“I was a little concerned, well are the cows going to go in and eat it and get sick, but they went in and ate it and they loved it.”

Rathbun has various weed and brush problems or “junk” as he calls it on 120 acres, including prickly ash, hawthorn, gooseberries and other plants that produce large thickets. He was one of the first farmers in Wisconsin to start raising the highland cattle several years ago and now has around forty animals eating weeds on half his farm. His goal is to return some o the land to its original oak savannah status. So far on his fifteen test plots with and without cattle, the results of grazing Scottish cattle are positive.

“It’s so wonderfully obvious what’s happening because here’s three strands of electric fence. On one side you can walk right through the woods…its no problem – you can see everything there. On the other side it’s dense, you don’t even want to think about walking through it. And this is only after 2 rotations.”

Rotating means moving groups of up to nine cattle around on once-acre test plots. The cattle spend two or three days on select plots each month throughout the summer. Martha Rosemeyer says researchers were interested in the breed of cattle because in Europe, they’re referred to as “eco-cows.” That’s because of their unique ability to eat plants that have inch-long thorns.

“They’ve got really tough tongues – they wrap them around these and pull – so they pull these things up like prickly ash leaves off and aren’t really bothered by thorns. They actually like thorns to rub and scratch…they’ll lean on things and scratch and they’ll break them and change the vegetation in that way too.”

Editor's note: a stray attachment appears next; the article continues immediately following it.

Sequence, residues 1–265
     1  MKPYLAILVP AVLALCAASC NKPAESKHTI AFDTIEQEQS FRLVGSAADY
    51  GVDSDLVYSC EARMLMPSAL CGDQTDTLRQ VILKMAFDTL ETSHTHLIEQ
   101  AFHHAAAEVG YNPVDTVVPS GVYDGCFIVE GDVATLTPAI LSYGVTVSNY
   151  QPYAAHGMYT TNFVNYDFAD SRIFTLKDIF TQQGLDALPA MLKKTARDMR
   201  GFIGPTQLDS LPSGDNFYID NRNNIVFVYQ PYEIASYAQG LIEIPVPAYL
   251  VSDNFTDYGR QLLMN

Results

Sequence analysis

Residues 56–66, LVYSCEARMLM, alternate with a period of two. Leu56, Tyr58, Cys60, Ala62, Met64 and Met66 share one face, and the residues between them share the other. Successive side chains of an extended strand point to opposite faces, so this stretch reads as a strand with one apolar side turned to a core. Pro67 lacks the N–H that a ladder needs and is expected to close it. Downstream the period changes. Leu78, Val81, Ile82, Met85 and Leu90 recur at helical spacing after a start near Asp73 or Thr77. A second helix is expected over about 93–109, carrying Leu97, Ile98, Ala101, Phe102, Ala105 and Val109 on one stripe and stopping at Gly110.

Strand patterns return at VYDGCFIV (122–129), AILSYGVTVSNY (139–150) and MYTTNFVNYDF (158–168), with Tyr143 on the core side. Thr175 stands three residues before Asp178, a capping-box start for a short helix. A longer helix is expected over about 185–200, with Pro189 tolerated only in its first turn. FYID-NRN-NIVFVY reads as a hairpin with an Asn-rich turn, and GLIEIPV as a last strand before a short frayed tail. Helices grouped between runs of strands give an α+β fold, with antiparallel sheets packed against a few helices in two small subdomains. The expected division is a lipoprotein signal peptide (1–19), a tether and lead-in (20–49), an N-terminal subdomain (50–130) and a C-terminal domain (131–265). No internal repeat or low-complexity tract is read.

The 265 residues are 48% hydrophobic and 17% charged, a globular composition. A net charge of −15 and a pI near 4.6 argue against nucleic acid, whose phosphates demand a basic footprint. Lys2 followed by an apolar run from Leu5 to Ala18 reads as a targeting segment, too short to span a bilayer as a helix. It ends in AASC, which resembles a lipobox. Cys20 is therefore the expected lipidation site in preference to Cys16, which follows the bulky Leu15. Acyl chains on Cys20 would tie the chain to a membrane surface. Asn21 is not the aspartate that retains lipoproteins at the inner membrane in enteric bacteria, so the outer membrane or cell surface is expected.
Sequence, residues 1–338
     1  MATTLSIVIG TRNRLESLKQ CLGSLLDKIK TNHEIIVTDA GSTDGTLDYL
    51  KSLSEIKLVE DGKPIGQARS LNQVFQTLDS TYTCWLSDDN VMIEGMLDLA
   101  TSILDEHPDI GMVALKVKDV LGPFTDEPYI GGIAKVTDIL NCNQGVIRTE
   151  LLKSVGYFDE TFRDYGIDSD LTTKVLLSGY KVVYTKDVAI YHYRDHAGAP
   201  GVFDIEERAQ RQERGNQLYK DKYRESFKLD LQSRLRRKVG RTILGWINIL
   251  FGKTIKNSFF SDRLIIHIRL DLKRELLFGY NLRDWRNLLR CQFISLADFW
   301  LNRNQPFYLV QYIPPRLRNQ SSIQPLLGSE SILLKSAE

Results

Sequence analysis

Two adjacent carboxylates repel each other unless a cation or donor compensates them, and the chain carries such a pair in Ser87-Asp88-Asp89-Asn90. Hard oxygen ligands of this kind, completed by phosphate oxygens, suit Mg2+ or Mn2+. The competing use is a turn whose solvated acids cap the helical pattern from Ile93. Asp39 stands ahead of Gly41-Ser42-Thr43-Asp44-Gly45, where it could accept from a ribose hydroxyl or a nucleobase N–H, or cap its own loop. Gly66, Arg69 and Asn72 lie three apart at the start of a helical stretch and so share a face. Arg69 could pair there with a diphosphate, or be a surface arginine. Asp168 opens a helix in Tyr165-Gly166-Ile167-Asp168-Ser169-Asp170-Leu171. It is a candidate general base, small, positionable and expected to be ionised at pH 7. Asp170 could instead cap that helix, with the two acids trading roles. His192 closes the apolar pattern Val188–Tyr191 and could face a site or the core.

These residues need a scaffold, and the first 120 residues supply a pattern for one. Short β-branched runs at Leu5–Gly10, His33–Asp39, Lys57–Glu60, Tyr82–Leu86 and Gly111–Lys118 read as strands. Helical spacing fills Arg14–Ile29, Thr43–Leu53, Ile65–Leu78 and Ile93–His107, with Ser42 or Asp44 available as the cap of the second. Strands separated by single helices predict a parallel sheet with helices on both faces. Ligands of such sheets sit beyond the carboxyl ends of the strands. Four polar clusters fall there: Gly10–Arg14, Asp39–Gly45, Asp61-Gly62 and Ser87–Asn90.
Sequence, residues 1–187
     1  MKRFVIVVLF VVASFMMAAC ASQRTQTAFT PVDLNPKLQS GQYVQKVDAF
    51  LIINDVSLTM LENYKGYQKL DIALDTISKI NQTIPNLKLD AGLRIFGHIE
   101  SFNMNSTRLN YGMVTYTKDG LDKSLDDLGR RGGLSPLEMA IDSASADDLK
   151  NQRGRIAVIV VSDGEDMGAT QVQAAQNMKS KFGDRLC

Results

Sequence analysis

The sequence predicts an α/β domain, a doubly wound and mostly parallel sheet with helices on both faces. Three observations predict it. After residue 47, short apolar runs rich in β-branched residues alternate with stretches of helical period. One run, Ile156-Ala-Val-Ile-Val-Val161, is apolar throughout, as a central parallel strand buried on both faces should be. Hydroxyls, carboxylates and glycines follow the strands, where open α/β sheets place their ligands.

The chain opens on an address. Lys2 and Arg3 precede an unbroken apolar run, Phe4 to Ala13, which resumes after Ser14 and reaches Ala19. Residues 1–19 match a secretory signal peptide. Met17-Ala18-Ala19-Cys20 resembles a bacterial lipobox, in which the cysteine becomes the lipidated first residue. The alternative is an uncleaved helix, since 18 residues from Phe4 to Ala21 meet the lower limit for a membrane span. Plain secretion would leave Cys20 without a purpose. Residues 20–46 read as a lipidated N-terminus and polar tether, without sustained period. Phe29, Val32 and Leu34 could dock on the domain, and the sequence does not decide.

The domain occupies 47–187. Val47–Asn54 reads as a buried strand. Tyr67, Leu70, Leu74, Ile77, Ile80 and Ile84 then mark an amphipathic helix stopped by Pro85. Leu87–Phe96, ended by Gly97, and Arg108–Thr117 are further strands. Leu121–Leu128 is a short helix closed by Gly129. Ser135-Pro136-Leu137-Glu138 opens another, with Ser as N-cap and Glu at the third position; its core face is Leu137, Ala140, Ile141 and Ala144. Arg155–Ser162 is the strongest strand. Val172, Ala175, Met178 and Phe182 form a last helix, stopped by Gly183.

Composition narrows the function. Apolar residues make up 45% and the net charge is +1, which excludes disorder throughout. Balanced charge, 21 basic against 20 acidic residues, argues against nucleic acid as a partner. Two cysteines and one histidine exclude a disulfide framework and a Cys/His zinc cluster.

Peter Rathbun says it didn’t take long for his cattle to tackle a patch of prickly ash after the gate into one test plot was opened.

“They ran over to it and started eating the actual bush. And I loved to see the reaction of some of the graduate students who’ve been working on this for a very long time. In their heart of hearts they really had some doubts whether the animals were really going to like to eat the junk.”

Once results are in by the summer of 2003, consultant Martha Rosemeyer says researchers may have a better idea of how effective the cattle will be at permanent eradication of unwanted plants.

“Certainly if you knock down a plant by taking off it’s above ground vegetation a number of times, it weakens the plant and it eventually will die. That’s what we’re hoping will happen but we’re not sure we need to test this and see the results…it’s speculation at this point.”

By comparison, Rosemeyer says on Department of Natural Resources land, a few test pilots were grazed and burned earlier this year to compare the weed control with the Highland cattle. It turned out that combination was too destructive and the burning was discontinued.

Meanwhile, not only do these animals eat through the bad stuff, but they also provide great hamburgers. Rathbun sells the meat as a low fat, very tasty source of protein.
For the Great Lakes Radio Consortium, I’m Mary Jo Wagner.